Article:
Indian education authorities remove Mughal history chapter from textbooks

Taj Mahal

Indian education authorities have deleted a chapter about Muslim Mughal rulers and references to the 2002 Gujurat massacre from school textbooks.

The changes have been introduced by the National Council of Educational Research and Training (NCERT), which comes under the Education Ministry, in a new set of textbooks for children taking exams under the government-run Central Board of Secondary Education.

The chapter that was removed appeared in Class 12 textbooks: Kings and Chronicles: The Mughal Courts.

NCERT says that the changes will not affect knowledge but instead reduce the load on children after the COVID-19 pandemic.

Many Hindutva activists and historians view the Mughals – who ruled large swathes of the Indian subcontinent for centuries – as foreign invaders who plundered Indian lands and corrupted the country’s Hindu civilisation.

Supporters of the changes argue that school history textbooks gave too much importance to Muslim rulers.

NCERT director Dinesh Saklani has called any debate around the curriculum “unnecessary” and clarified that the history of Mughals is still taught to schoolchildren.

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The Mughal Empire was a powerful Muslim empire that ruled over much of the Indian subcontinent from 1526 to 1858. It was founded by Babur, a descendant of the Mongol conqueror Genghis Khan, who defeated the Sultan of Delhi in the Battle of Panipat in 1526.

Under the Mughals, India experienced a period of cultural and economic growth. The empire was known for its impressive architecture, including the Taj Mahal, the Red Fort, and the Jama Masjid. The Mughals were also patrons of the arts, and their court was home to some of the greatest poets, artists, and musicians of the time.

The decline of the Mughal Empire began in the 18th century, and it was eventually weakened by political infighting, economic instability, and military defeats. In 1858, the British East India Company took control of India, and the Mughal Empire came to an end.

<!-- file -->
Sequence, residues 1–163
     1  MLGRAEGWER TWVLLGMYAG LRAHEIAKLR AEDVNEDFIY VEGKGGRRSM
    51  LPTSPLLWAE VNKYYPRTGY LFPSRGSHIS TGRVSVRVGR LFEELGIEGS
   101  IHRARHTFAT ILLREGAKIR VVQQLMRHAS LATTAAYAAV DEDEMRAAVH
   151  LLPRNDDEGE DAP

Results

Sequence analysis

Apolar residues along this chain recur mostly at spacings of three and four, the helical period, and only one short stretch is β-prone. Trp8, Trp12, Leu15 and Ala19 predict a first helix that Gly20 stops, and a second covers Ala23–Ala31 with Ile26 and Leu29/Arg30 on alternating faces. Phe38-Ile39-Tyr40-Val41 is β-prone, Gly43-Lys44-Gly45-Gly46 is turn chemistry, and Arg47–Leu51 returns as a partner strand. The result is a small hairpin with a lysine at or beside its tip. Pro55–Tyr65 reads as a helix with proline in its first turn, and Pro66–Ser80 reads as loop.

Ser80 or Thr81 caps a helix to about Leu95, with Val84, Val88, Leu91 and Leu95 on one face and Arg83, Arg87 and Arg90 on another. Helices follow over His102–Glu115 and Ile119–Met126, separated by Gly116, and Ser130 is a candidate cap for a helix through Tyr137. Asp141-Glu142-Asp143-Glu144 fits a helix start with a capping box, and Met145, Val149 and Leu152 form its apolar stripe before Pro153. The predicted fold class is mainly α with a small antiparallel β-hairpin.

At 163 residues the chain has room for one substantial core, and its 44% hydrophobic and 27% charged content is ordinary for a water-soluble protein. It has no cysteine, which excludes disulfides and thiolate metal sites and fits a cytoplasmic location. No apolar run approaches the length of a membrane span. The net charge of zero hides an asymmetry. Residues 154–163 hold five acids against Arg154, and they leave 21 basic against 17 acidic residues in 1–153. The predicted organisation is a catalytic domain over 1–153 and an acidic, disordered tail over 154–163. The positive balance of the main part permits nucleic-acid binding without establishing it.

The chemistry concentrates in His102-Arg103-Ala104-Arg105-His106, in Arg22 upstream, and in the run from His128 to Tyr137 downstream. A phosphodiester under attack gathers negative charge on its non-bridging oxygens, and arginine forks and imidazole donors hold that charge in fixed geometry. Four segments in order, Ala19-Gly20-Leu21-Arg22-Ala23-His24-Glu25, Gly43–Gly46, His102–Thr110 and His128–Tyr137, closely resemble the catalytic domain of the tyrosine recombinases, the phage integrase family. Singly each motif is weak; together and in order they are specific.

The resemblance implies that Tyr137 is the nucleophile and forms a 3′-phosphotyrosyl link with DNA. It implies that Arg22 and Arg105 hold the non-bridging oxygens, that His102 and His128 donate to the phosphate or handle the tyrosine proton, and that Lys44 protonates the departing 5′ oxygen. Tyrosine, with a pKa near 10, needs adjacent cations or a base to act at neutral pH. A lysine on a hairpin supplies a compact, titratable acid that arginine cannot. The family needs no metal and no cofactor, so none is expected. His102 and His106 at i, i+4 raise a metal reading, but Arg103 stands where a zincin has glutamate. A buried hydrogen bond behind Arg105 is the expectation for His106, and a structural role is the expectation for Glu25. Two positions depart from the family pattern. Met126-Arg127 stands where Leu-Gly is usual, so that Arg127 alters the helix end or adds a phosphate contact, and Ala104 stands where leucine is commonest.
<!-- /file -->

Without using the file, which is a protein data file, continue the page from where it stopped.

The Buland Darwaza Fatehpur Sikri, Agra. Editorial credit: Roop_Dey /

However, the legacy of the Mughals continues to be felt in India today, particularly in the country’s art, architecture, and culture.

Other omissions in the school textbooks concern the 2002 Gujurat massacre in which around 2,000 people (the vast majority Muslims) were killed in February/March 2002 after Hindus accused Muslims of burning a train, killing 60 Hindu pilgrims. The circumstances of the train tragedy are heavily disputed.

A UK official report into the events found that there was “widespread and systematic rape of Muslim women,” that the violence was “politically motivated,” and the aim was to “purge Muslims from Hindu areas.”

Ever since Narendra Modi came to power in 2014 India has been promoting his Hindutva worldview that seeks to promote and preserve the cultural and religious identity of India as a Hindu-majority nation.

Proponents of Hindutva believe that India is a Hindu nation and that Hindus should have a privileged status in the country. They also believe that other religious and ethnic groups in India, particularly Muslims and Christians, should assimilate to Hindu culture and values.

The political expression of Hindutva is Modi’s Bharatiya Janata Party (BJP), which is currently the ruling party in India. The BJP has been criticized for promoting a divisive agenda that marginalises religious and ethnic minorities, particularly Muslims.


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